Her head rolled but a little way from her body, and I could see her lips still moving in silent prayer for a few moments while the blood pumped outward from the body and from the head. I was stuck firm in my place by the horror of it, jarred loose only by the clattering of Nan Zouche and Alice as they ran up the stairs with linen. I quickly leaned down and picked up her head, eyes still open and aware as the linen slipped from them, as they looked at me. I willed the bile back down my throat and forced myself to look into those eyes with love for the few moments before awareness dimmed from them. Within seconds, she slipped away. I took the head into the smallest and finest of linens and carefully wrapped it, her blood running thickly between my fingers, under my nails, and staining my forearms as I sought to save her from any indignity.
Sandra Byrd (To Die For: A Novel of Anne Boleyn (Ladies in Waiting, #1))
Oh, my sweet summer child,” Old Nan said quietly, “what do you know of fear? Fear is for the winter, my little lord, when the snows fall a hundred feet deep and the ice wind comes howling out of the north. Fear is for the long night, when the sun hides its face for years at a time, and little children are born and live and die all in darkness while the direwolves grow gaunt and hungry, and the white walkers move through the woods.
George R.R. Martin (A Game of Thrones (A Song of Ice and Fire, #1))
Oh, what a gift God made when He created dogs. She had loved—and laid to rest—so many sweet dogs in her lifetime—each with its own personality; each with its own way of bringing comfort; each with solemn, loving eyes that were filled with all the wisdom in the world; and each leaving a gaping hole in her heart when they died and making her vow to never get another, never set herself up for so much sadness again. But she always did.
Nan Rossiter (Firefly Summer)
For a moment we just sit there silently, our heads tipped back as we stare at the sky. A minute passes, maybe two. And then Ryder’s hand grazes mine before settling on the ground, our pinkies touching. I suck in a breath, my entire body going rigid. I’m wondering if he realizes it, if he even knows he’s touching me, when just like that, he draws away. Ryder clears his throat. “So…I hear you’re going out with Patrick on Friday.” “And?” I ask. That brief connection that we’d shared is suddenly gone--poof, just like that. “And what?” he answers with a shrug. “Oh, I’m sure you’ve got an opinion on this--one you’re just dying to share.” Because Ryder has an opinion on everything. “Well, it’s just that Patrick…” He shakes his head. “Never mind. Forget I brought it up.” “No, go on. It’s just that Patrick what?” “Seriously, Jemma. It’s none of my business.” “C’mon, Ryder, get it out of your system. What? Patrick is looking to get a piece? Is using me? Is planning on standing me up?” I can’t help myself; the words just tumble out. “I was going to say that I think he really likes you,” he says, his voice flat. I bite back my retort, forcing myself to take a deep, calming breath instead. That was not what I had expected him to say--not at all--and it takes me completely by surprise. Patrick really likes me? I’m not sure how I feel about that--not sure I want it to be true. “What do you mean, he really likes me?” I ask stupidly. “Just what I said. It’s pretty simple stuff, Jemma. He likes you. I think he always has.” “And you know this how?” He levels a stare at me. “Trust me on this, okay? He’s got problems, sure, but he’s a decent guy. Don’t break his heart.” I scramble to my feet. “I agreed to go out with him--once. And I’m probably going to cancel, anyway, because after today’s news, I’m really not in the mood. But the last thing I need is dating advice from you.” “How come every conversation we have ends like this--with you going off on me? You didn’t use to be like this. What happened?” He’s right, and I hate myself for it--hate the way he makes me feel inside, as if I’m not good enough. I mean, let’s face it--I know I’m nothing special. I’m not beauty-pageant perfect like Morgan, or fashion-model gorgeous like Lucy. Unlike Ryder and Nan, I don’t have state-championship trophies lining my walls. My singing voice is only so-so, I can’t draw or play a musical instrument, and if the school plays are any indicator, I can’t act for shit, either.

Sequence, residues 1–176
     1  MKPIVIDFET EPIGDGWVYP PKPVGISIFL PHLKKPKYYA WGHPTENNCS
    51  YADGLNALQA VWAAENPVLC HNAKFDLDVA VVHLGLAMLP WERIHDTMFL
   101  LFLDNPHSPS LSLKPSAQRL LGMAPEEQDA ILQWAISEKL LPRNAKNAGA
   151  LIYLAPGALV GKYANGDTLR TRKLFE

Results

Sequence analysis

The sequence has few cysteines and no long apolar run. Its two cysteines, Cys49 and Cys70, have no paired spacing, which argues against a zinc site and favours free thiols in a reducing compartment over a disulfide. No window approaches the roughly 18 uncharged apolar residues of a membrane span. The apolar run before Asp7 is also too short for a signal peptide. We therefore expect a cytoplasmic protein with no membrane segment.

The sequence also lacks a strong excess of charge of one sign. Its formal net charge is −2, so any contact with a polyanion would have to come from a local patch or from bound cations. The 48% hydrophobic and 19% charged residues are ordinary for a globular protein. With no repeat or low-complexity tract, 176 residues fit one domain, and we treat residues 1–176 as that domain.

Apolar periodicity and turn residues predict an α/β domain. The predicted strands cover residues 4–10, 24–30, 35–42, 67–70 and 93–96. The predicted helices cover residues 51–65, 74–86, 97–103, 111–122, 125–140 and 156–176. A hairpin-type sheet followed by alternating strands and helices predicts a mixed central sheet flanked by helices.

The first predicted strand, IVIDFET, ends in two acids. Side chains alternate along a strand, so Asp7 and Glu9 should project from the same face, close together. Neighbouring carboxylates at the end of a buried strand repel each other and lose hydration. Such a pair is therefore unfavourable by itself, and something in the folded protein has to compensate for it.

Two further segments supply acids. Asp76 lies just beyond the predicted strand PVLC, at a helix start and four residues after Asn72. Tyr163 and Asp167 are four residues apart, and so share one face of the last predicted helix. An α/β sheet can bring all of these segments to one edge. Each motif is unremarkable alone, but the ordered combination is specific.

Kristi Cook (Magnolia (Magnolia Branch, #1))
Chicago, Illinois 1896 Opening Night Wearing her Brünnhilda costume, complete with padding, breastplate, helm, and false blond braids, and holding a spear as if it were a staff, Sophia Maxwell waited in the wings of the Canfield-Pendegast theatre. The bright stage lighting made it difficult to see the audience filling the seats for opening night of Die Walküre, but she could feel their anticipation build as the time drew near for the appearance of the Songbird of Chicago. She took slow deep breaths, inhaling the smell of the greasepaint she wore on her face. Part of her listened to the music for her cue, and the other part immersed herself in the role of the god Wotan’s favorite daughter. From long practice, Sophia tried to ignore quivers of nervousness. Never before had stage fright made her feel ill. Usually she couldn’t wait to make her appearance. Now, however, nausea churned in her stomach, timpani banged pain-throbs through her head, her muscles ached, and heat made beads of persperation break out on her brow. I feel more like a plucked chicken than a songbird, but I will not let my audience down. Annoyed with herself, Sophia reached for a towel held by her dresser, Nan, standing at her side. She lifted the helm and blotted her forehead, careful not to streak the greasepaint. Nan tisked and pulled out a small brush and a tin of powder from one of the caprious pockets of her apron. She dipped the brush into the powder and wisked it across Sophia’s forehead. “You’re too pale. You need more rouge.” “No time.” A rhythmic sword motif sounded the prelude to Act ll. Sophia pivoted away from Nan and moved to the edge of the wing, looking out to the scene of a rocky mountain pass. Soon the warrior-maiden Brünnhilda would make an appearance with her famous battle cry. She allowed the anticpaptory energy of the audience to fill her body. The trills of the high strings and upward rushing passes in the woodwinds introduced Brünnhilda. Right on cue, Sophia made her entrance and struck a pose. She took a deep breath, preparing to hit the opening notes of her battle call. But as she opened her mouth to sing, nothing came out. Caught off guard, Sophia cleared her throat and tried again. Nothing. Horrified, she glanced around, as if seeking help, her body hot and shaky with shame. Across the stage in the wings, Sophia could see Judith Deal, her understudy and rival, watching. The other singer was clad in a similar costume to Sophia’s for her role as the valkerie Gerhilde. A triumphant expression crossed her face. Warwick Canfield-Pendegast, owner of the theatre, stood next to Judith, his face contorted in fury. He clenched his chubby hands. A wave of dizziness swept through Sophia. The stage lights dimmed. Her knees buckled. As she crumpled to the ground, one final thought followed her into the darkness. I’ve just lost my position as prima dona of the Canfield-Pendegast Opera Company.